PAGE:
What, according to you, makes Indian classical dance special?

At a seminar in India, a well-known German dancer asked why Indian dancers are so happy all the time. I could turn around and ask them the same question ? why their faces are so wooden or there is not as much footwork? There are some people who feel threatened by what they can't understand. Indian dance is so multilayered, so complex that they would like it to be simplified and not just demystified.

We should move with our times and to our cultural beat, but we should have art that can communicate. And I speak with the conviction that our classical arts can communicate across linguistic and cultural barriers. This is my experience wherever I have danced.

Don't you think that the classical dancers who live in the U.S. or have grown up here would approach the art differently?

Absolutely. I am speaking as an Indian dancer and not as a dancer from the Diaspora because I know your considerations and your pressures here are very different. My problem is not with anyone approaching this art differently as long as it comes from within. My problem is about imposition of a western aesthetic on India. There are so many layers of evolution of this dance form. Just pick the music, understand the Gamakas, the kas, the pause in the music. Then feel it and translate it into dance movements or the mathematics of the movement. It is such a vast and profound field. And finally there is the intense spirituality that influences whatever you do.

My art for me is not so much about political correctness but about human correctness. It's about allowing the soul to glow and lift one out of the mire and the muck in which we find ourselves groveling each day. I don't want to keep groveling, I want to learn from it and rise above it.

Is that what attracted you to Sangam poetry?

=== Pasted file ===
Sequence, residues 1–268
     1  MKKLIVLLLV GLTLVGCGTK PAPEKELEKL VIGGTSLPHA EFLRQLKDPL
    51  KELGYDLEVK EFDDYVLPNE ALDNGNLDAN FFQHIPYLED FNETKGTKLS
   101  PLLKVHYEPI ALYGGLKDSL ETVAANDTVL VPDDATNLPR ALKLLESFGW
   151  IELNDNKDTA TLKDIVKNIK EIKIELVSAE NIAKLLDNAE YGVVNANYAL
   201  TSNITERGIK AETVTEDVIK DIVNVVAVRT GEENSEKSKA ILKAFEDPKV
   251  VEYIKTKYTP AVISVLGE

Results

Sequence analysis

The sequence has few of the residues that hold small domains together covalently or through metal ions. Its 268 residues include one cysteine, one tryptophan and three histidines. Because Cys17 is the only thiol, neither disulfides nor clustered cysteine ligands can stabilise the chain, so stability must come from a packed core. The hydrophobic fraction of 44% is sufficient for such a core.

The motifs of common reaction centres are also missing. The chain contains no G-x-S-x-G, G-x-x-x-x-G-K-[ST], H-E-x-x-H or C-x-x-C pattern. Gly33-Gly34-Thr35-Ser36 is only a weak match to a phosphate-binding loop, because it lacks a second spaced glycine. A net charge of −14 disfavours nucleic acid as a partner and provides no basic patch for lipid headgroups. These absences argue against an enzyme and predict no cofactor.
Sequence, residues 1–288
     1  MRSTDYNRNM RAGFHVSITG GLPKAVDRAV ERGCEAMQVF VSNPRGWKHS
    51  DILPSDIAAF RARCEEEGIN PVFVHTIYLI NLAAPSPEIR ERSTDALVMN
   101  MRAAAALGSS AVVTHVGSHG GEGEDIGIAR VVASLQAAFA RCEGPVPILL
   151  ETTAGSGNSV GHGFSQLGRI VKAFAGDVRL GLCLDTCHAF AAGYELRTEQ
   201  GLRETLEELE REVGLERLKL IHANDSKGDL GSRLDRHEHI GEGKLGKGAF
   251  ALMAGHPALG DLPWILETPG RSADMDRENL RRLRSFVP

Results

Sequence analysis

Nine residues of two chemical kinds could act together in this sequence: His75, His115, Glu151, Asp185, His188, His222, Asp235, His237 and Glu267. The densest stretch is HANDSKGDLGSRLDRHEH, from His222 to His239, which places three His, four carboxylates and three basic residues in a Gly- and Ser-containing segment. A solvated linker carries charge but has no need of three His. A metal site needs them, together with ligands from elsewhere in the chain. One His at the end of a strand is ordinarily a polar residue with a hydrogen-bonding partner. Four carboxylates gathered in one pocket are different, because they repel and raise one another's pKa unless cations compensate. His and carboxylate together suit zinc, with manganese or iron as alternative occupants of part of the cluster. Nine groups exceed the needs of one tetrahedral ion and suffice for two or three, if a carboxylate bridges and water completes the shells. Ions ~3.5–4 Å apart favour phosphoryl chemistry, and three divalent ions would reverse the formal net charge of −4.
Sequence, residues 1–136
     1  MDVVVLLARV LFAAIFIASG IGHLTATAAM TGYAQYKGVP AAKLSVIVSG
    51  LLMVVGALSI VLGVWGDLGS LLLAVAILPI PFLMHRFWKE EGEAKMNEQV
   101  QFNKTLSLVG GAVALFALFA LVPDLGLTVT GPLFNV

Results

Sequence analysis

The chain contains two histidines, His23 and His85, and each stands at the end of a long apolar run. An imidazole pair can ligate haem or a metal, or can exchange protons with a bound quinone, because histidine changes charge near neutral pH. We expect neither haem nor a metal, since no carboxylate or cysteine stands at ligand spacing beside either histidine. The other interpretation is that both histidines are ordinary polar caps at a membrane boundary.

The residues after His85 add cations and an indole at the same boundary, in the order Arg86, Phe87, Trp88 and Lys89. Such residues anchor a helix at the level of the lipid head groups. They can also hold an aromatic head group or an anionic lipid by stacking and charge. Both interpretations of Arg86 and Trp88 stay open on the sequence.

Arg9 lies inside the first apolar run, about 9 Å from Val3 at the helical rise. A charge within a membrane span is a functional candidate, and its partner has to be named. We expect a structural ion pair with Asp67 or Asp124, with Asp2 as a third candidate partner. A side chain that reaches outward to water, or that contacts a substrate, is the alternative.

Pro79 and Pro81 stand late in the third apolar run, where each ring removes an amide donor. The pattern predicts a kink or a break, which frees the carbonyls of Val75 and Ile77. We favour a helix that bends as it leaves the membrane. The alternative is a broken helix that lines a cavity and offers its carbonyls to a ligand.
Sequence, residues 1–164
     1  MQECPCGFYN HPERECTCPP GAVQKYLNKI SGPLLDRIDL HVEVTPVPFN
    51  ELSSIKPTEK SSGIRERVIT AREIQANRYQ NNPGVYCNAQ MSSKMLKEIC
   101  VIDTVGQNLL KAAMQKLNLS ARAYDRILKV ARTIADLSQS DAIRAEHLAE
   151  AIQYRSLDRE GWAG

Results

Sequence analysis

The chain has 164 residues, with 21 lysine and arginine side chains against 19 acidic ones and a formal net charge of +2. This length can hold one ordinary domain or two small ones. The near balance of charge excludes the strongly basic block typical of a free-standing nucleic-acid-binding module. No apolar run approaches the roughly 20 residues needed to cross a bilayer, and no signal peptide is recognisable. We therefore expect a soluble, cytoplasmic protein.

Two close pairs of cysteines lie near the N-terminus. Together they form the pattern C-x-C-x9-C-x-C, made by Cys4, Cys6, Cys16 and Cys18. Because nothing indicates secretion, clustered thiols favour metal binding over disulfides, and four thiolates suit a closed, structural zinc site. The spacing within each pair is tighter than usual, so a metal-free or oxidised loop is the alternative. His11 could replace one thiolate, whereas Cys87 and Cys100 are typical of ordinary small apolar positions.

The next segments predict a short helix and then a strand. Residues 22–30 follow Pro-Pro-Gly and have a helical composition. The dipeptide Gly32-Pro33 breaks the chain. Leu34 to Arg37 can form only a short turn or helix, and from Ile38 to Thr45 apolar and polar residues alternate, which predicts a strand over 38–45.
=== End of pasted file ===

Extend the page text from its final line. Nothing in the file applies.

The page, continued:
The potential of Sangam is amazing. The subtlety, the sophistication of the civilization of two thousand years ago and their feeling for nature is incredible. We call ourselves environmentalists. These people knew every leaf, every blade of grass, every flower that bloomed there and they had such tenderness, such a sense of observation. There's such a wealth of poetry in our culture. We don't work enough with poets.

You were articulate, yet serious while introducing each dance and yet playful and smiling while performing. So which is the real Valli?

[laughs] I can be both. I think one's true personality emerges when you dance. A good dancer is one who cannot wear a mask while she dances. When I got married, people asked me why don't you talk about your personal life. I said, ?when we dance we expose our souls in a sense, so we need some space to ourselves'. In a dance, all that's best in me emerges. And when I speak, I am serious because I believe in austerity and am a serious person too.

You have established yourself as one of the topmost Bharatnatyam dancers. What next?

I take things one day at a time. As my life evolves and as I grow as a person, my dance grows too. I don't have a five-year, nine-year plan. But, I think a lot about my students. I stopped teaching nine years ago and regretted it. So, I started again. I enjoy group choreography and would like to work with my students, not just perform myself.

Is there anything about you that may surprise dance lovers?

I think that my very appearance comes as a shock. I don't look like a dancer and I don't act like one. What else? I love hiking, I love mountains and I love reading, especially mysteries. I loved "The Lord of Rings"; I bought the DVD this time. I have a lot of interests. Huh, I don't know if this will surprise people, but as I get older, I have learnt to break away from the grind of the dancing world.

For more information on the artist, visit www.alarmelvalli.com. For details on the development work of A.I.D., Atlanta: www.aidindia.org/Atlanta